“Away from that tiny village, away from my own comfort zone. I’d been wanting that for years,” Svenja tells us. Starting from age 15, she received additional tutoring in English so that she’d be fluent enough to study abroad. Initially, she dreamt of going to the USA. “Until I realised what a shitshow that country is. Anyone following the American news can see it. I really liked the idea of living in England, as well, and then came Brexit. One of my teachers knew Leiden and suggested I go there, but their communications degree wasn’t entirely my cup of tea. I was drawn to EUR’s International Bachelor’s in Communication and Media (IBCoM) because of the combination of creativity, business-mindedness and science. I would have done a lot to get out of the village, but getting the right degree is the most important thing.”
Making the decision was a big deal, and then she had to convince the admissions board and her parents. “I said: As far as distance is concerned, there’s no reason why I shouldn’t be doing this, because the nearest university in Germany offering this degree is three hours from here, as well. But getting a degree in the Netherlands is more expensive than getting one at home. My father secretly conducted some research of his own on this degree in Rotterdam, and suddenly he told me: ‘I think it’s a very good degree programme.’ So that’s when I enrolled.”
Svenja was convinced that she wouldn’t make it past the admissions lottery, but wanted to give it a shot, anyway. In May she was told that she would be admitted to the degree programme. “I’m still not quite sure why. They told us beforehand that they wanted to recruit the most international students possible, and I’m only from Germany. And unlike other German students, I’ve never lived in Abu Dhabi or Brazil. Thankfully, I now have to work so hard in my studies that I don’t have time to think about that. The required reading alone is so much that I’m wondering what I’ve got myself into,” she says, smiling.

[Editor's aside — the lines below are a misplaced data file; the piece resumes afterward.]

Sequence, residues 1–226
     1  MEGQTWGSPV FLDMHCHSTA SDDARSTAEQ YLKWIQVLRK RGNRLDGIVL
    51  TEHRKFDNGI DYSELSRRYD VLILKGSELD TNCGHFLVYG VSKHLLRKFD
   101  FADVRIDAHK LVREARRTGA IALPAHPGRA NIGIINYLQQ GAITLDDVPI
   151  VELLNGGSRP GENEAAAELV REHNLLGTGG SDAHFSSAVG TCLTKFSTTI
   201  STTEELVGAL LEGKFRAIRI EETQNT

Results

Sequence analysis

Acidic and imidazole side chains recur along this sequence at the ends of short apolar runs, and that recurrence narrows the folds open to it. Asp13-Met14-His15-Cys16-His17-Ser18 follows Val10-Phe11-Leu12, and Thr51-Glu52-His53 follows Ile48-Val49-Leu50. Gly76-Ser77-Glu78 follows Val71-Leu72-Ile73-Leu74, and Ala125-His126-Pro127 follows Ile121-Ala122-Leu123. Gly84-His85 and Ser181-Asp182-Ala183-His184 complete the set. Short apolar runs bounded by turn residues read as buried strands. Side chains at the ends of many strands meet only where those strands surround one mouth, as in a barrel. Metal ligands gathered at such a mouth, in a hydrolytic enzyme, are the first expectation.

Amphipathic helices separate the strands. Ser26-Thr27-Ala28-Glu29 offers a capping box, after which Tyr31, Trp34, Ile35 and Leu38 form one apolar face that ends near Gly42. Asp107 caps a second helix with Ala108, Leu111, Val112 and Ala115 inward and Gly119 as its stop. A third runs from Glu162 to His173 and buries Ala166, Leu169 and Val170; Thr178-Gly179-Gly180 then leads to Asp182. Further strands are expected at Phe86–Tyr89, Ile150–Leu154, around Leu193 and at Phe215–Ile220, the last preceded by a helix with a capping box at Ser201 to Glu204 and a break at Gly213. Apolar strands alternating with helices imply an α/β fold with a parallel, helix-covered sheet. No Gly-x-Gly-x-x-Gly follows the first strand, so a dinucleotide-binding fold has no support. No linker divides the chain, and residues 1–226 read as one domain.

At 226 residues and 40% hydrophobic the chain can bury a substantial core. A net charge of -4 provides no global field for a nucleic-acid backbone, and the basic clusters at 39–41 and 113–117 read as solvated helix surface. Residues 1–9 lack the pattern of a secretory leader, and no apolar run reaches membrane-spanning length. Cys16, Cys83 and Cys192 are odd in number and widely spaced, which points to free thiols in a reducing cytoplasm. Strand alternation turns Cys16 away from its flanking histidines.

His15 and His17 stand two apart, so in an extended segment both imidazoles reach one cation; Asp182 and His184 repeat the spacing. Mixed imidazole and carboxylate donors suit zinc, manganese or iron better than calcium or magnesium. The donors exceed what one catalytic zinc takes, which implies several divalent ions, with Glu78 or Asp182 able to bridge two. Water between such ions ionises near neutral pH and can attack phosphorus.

Her parents are proud of her, which means a lot to her. And her boyfriend assured her that she, in her capacity as an ‘authentic’ German, would add a lot of value to the programme. That, too, made her feel better.
So what about the coronavirus? Was she concerned about that at any stage? “No, not really. I’ll be home in no time [if I have to]. I actually went home a few times before Germany designated the Netherlands a red zone. When that happened, my mother rang me and said, ‘Come home!’ But I told her I wanted to attend the second term on campus, if possible obviously. If I have to, I can still go home later.”
However, Svenja is glad that she decided to live with a landlady rather than in a hall of residence or flat shared with other students. She has a small kitchen and bathroom to herself, so for her, social distancing at home is not an issue.